Let’s Have a Fire Drill

Fire drills sure are annoying, aren’t they? You get your day (or night) interrupted by a wailing siren, and you’re then forced to drop whatever you’re doing and walk outside for a few minutes. And if you don’t find them annoying, you’ve obviously never had one happen while you’re in the shower.

Yes, these drills can be an inconvenience, but you have to do them for a reason. Fires can arise at any time, and these drills put a routine in your mind for what to do when your place of work or home gets set ablaze.

So let’s run through a fire drill of our own and lay out the steps that you should take during a fire at work.

First, don’t let it happen

Obviously, the best way to handle a fire is without the actual fire. Preventative measures should always be taken to ensure that there are no fire hazards at work. All electrical wiring and panels should be regularly inspected and checked to make sure that they are running properly and not cluttered together.

Also, all combustible waste should be properly disposed of in the correct location. All machines in your workplace should be properly maintained as well to avoid any overheating or explosions. And lastly, all emergency exits should be clear and all fire extinguishers should be fully loaded at all times.

Oh no, you let it happen

If you ignored that first section and actually set the place on fire, remain calm. The last thing that you should be doing is running around and screaming like a five-year-old who lost their mom in a grocery store. Let’s go through the steps that you should take to remain safe during a fire:

Step 1: Raise the alarm (not your blood pressure) and call the fire station

Fires can develop very quickly, so you should raise the workplace alarm as soon as possible. Also, call the Fire and Rescue service and give them the building name, address, and any other helpful information such as the size of the fire and location of it.

The emergency fire services will arrive quickly to snuff out the fire and sweep through the building to check for any stranded people. They do the hard part; you just need to get out of the building, which leads us to…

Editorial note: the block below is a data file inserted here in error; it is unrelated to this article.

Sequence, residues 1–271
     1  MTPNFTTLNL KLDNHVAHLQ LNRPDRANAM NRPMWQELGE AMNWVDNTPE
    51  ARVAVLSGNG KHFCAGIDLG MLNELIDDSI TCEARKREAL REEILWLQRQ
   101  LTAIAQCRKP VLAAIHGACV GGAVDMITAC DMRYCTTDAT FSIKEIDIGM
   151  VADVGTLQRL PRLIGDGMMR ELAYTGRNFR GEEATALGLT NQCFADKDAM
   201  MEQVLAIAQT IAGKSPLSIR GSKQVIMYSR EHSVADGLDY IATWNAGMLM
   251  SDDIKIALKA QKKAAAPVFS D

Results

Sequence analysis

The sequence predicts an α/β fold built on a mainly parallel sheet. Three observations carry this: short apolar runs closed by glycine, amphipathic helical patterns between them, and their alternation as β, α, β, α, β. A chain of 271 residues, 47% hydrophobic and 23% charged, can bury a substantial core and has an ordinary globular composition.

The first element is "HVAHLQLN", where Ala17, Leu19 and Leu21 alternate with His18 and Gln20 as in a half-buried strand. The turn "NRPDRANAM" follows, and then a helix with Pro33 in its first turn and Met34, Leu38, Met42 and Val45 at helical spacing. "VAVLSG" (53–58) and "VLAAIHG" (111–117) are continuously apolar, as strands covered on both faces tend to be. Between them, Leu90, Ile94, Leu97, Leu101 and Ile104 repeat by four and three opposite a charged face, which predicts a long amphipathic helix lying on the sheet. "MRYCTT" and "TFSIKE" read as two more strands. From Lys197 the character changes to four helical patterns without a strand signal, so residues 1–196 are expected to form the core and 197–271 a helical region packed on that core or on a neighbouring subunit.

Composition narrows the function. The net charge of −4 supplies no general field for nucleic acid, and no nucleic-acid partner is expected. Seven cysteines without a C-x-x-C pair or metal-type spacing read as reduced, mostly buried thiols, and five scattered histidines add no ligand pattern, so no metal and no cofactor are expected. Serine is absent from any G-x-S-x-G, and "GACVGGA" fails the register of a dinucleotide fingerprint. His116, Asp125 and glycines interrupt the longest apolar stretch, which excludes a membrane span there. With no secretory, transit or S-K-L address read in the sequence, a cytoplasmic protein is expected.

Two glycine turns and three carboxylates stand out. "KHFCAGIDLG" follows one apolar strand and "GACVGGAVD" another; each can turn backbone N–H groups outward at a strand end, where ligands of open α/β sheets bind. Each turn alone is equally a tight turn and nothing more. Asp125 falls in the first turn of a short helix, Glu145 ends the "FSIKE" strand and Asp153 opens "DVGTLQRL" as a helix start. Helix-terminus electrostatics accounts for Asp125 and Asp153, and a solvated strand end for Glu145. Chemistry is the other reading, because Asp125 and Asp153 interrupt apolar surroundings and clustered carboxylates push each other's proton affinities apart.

Step 2: Evacuate

Here’s where all of those annoying fire drills come in handy! As we said earlier, remain calm as you make your way to the nearest exit. Do not attempt to retrieve any personal belongings on your way out of the building. Your precious iPhone and and credit cards can be replaced at some point. You, on the other hand, can not be.

Also, never try to use elevators of any kind during a fire. They’ll likely stop working, and then you’ll be trapped inside a smoke box. On your way out of the building, make sure that someone puts their hand on all closed doors before entering them to feel if they’re warm or not. Also, the last person through should close all doors behind them to keep the fire from spreading too quickly.

If you’re finding that your escape route is full of smoke, get down on the ground and crawl to safety. The air will be cleaner down there.

Step 3: Get to the meeting point

When you complete those fire drills, you go outside to a certain location to meet up with everyone else. This meeting point should be a safe distance away from the burning building. You’d hate to escape the roaring fire only to have it blow up and get you outside.

Here, a headcount can be done, and you can wait for the Fire and Rescue service to arrive.

If you do end up trapped inside…

If you are unable to get outside or you just didn’t feel like paying attention during those fire drills, try to get to a room with a window. You should use some towels or clothes to block the cracks under the doors to prevent smoke from entering. And if your clothes ever do happen to catch fire, always remember to stop, drop and roll (it really does work!).

Hopefully, the closest you’ll ever come to a real fire is those pesky fire drills. As inconvenient as they might seem, pay attention during them and remember these tips. They might just save your life!

For more helpful tips and information, you can always visit us at www.safgard.com/education